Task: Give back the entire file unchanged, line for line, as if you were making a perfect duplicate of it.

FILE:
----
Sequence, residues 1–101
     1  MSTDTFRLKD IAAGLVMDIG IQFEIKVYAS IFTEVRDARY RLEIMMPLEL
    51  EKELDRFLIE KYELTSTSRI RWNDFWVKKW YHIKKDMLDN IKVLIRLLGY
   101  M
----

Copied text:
Sequence, residues 1–101
     1  MSTDTFRLKD IAAGLVMDIG IQFEIKVYAS IFTEVRDARY RLEIMMPLEL
    51  EKELDRFLIE KYELTSTSRI RWNDFWVKKW YHIKKDMLDN IKVLIRLLGY
   101  M